TOKYO (Bloomberg) - Japan has agreed to pay 1 billion yen (S$13.3 million) to a foundation to help former comfort women, the Nikkei newspaper reported.
Friday's announcement follows an accord in December in which Tokyo and Seoul agreed to resolve the contentious issue 'finally and irreversibly.'
It comes despite inaction over the removal of a statue symbolising comfort women in front of the Japanese embassy in Seoul.
South Korea pledged in December to strive to solve the issue and a government insider has promised Japanese officials that President Park Geun Hye will keep her promise, the newspaper said.
Japanese Foreign Affairs Minister Fumio Kishida and his South Korea counterpart Yun Byung Se spoke by phone on the issue on Friday, the Japanese foreign ministry said.
The comfort women, who were trafficked to Japanese military brothels before and during World War II, have been the focus of repeated waves of antagonism between the Asian neighbors, who are also at odds over forced labour in the early 20th century and ownership of rocky outcroppings in the sea dividing them.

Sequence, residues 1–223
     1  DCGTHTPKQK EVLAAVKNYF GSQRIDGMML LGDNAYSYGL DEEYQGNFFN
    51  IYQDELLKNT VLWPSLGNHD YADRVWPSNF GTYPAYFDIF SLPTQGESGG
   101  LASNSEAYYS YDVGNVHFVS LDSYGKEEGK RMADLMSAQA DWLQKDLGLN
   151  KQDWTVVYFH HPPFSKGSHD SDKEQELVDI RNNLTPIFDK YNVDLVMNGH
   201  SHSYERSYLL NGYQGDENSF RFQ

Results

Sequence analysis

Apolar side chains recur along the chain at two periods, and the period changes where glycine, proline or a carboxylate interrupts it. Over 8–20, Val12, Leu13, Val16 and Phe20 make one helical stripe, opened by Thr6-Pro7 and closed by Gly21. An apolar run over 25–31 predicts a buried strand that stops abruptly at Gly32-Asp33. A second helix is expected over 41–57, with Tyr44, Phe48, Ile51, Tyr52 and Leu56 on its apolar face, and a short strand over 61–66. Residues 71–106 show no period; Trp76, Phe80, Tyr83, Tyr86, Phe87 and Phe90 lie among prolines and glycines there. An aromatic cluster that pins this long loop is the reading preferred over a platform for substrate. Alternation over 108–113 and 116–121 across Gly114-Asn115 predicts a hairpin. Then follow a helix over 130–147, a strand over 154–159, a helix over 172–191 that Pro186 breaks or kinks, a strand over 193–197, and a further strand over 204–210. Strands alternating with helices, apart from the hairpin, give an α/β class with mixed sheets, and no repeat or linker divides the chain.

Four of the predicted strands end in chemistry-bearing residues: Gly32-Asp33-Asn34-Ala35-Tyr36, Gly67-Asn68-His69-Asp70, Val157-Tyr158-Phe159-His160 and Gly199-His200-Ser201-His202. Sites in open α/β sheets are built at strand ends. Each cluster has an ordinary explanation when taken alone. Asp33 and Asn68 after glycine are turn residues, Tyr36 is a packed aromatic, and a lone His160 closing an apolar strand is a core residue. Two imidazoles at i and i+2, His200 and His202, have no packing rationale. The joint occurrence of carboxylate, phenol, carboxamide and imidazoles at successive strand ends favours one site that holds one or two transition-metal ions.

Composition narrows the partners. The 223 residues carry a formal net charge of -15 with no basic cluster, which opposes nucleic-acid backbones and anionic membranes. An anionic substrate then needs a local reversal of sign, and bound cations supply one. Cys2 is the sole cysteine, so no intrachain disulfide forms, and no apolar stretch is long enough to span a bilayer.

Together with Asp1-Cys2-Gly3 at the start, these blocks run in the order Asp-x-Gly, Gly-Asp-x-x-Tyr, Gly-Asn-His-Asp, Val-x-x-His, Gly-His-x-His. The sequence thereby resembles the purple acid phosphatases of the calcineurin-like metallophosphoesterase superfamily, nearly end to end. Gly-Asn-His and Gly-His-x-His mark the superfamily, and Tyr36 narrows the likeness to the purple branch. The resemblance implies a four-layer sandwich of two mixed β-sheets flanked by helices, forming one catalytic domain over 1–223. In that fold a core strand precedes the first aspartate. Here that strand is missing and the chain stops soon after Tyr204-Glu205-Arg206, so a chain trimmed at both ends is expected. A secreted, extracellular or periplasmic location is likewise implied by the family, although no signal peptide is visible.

The sour relationship has frustrated the US, which wants closer military cooperation between its two major regional allies to help balance China's growing assertiveness.
Historians say anywhere from 50,000 to 200,000 women, many of them from the Korean peninsula, were rounded up to serve in Japan's military brothels as it invaded large parts of Asia during the first half of the 20th century.
Japan apologised in 1993 and set up a compensation fund that was rejected by some victims because it was financed with private donations instead of public money.
South Koreans have sought to draw more attention to the suffering of the women, only a few dozen of whom survive in the nation, erecting statues honoring them in the US, Australia, as well as one outside the Japanese embassy in Seoul.